Artificial Intelligence: A Modern Approach Chapter 2 Intelligent Agents

Agent
Anything that can be view as perceiving its environment through sensors and acting upon that environment through actuators.
Percept
An agent’s perceptual inputs at any given instant
Percept Sequence
The complete history of everything the agent has ever perceived.
Agent Function
A mapping of a given percept sequence to an action.
Agent Program
The internal implementation of an agent’s agent function.
Performance Measure
The evaluation of the desirability of any given sequence of environment states.
Rationality
The performance measure that defines the criterion of success.
The agent’s prior knowledge of the environment.
The actions that the agent can perform.
The agent’s percept sequence to date.

For each possible percept sequence, a rational agent should select an action that is expected to maximize its performance measure, given the evidence provided by the percept sequence and whatever built-in knowledge the agent has.

Information gathering
Doing actions in order to modify future percepts.
Learning
As the agent gains experience, its initial configuration could be modified or augmented
Autonomy
The ability to learn how to compensate for partial or incorrect prior knowledge
Task environments
The problems to which rational agents are the solution. PEAS (Performance Measures, Environment, Actuators, Sensors).
Environment
The external forces or actors acting on, changing, or causing a problem.
Actuators
Control of actions, production of results
Sensors
Receiving input from all sources necessary to solve the problem.
Observable
If an agent’s sensors give it access to the complete state of the environment as each point in time, then we say that the task environment is fully observable. (Fully/Partially)
Single/Multi-agent
Number of agents in an environment as well as the manner in which they interact (competitive, cooperative).
Stochastic/Deterministic
If the next state of the environment is completely determined by the current state and the action executed by the agent, then is is deterministic.
Non-deterministic
An environment in which actions are characterized by their possible outcomes, but no probabilities are attached to them.
Uncertain
A partially observable or stochastic environment.
Episodic/Sequential
Experience can be divided into atomic episodes. In each episode the agent receives a percept and performs an action. The next episode does not depend on the previous one.
Static/Dynamic
If the environment can change while the agent is deliberating then it is dynamic.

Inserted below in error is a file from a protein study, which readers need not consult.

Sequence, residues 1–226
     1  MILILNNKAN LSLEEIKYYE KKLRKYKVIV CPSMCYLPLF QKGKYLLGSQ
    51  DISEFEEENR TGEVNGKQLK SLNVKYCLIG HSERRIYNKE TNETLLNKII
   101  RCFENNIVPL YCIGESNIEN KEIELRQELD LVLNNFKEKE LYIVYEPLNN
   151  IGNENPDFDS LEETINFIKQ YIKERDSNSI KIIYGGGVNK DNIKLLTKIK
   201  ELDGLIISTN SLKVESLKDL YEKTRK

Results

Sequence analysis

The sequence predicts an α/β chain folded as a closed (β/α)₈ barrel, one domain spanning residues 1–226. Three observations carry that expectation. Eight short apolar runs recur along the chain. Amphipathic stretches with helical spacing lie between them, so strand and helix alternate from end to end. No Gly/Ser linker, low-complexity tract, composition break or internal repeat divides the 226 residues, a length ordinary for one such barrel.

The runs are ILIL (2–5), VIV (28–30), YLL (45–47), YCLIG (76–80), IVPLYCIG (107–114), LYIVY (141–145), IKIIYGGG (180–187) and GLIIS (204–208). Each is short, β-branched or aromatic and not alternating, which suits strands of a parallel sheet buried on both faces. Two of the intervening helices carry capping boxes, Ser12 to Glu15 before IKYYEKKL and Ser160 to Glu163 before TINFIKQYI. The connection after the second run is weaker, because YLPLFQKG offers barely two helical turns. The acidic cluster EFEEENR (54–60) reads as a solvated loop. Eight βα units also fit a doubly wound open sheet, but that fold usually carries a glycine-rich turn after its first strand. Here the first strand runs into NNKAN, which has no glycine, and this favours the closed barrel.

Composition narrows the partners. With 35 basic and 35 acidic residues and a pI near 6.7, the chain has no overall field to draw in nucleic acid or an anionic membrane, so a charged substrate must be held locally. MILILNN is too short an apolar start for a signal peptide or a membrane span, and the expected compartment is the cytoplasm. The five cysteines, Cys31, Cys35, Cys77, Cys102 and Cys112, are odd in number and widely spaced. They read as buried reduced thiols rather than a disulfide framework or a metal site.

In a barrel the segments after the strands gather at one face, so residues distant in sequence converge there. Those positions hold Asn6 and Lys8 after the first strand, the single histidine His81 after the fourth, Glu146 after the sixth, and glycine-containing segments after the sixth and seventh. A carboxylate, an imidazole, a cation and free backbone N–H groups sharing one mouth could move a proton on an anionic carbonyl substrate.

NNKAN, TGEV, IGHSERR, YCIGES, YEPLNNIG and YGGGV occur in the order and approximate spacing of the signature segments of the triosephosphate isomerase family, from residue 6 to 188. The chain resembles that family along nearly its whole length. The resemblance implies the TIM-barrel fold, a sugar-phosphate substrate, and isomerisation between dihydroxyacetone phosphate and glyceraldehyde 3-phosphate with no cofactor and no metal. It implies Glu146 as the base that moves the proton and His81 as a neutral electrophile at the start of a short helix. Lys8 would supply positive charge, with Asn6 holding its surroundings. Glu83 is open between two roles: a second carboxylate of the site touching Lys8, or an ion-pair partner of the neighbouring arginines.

Semidynamic
The environment does not change but an agent’s performance does.
Discrete/Continuous
If an agent’s action and percepts and the state can have an infinite number of values at any given time then the environment is continuous.
Known/unknown
In a known environment, the outcomes for all actions are given.
Simple reflex agent
Selects actions on the basis of the current percpt, ignoring the rest of the percept history.
Model-based reflex agents
An agent that keeps track of unobservable aspects of the current state using the percpet to develop a model.
Goa-based agent
An agent that combines a world model with a goal that describes desirable states to make decisions.
Utility
The measure of desirability
Utility Function
An internalization of an agent’s performance measure
Expected Utility
The expected value of an action’s outcome in a partially unobservable or stochastic environment.
Learning Agent
An agent that can compensate for partial or incorrect knowledge.
Learning Element
Responsible for making improvements
Performance Element
Responsible for selecting external actions, it takes in percpets and decides on actions.
Critic
Responsible for determining the how the agent is doing and modifying the performance element.
Problem Generator
It is responsible for suggesting actions that will lead to new and informative experiences.
Atomic representation
Each state of the world is indivisible, it has no internal structure.
Factored representation
Splits up each state into a fixed set of variable or attributes, each of which can have a value.
Structured representation
each state consists of objects which may have attributes of the their own and relationships to other objects
Expressiveness
Complexity of learning and reasoning increases with expressiveness. The Conciseness of states increases with expressiveness. More expressive languages can capture at least as much information as less expressive ones but more concisely and complexly.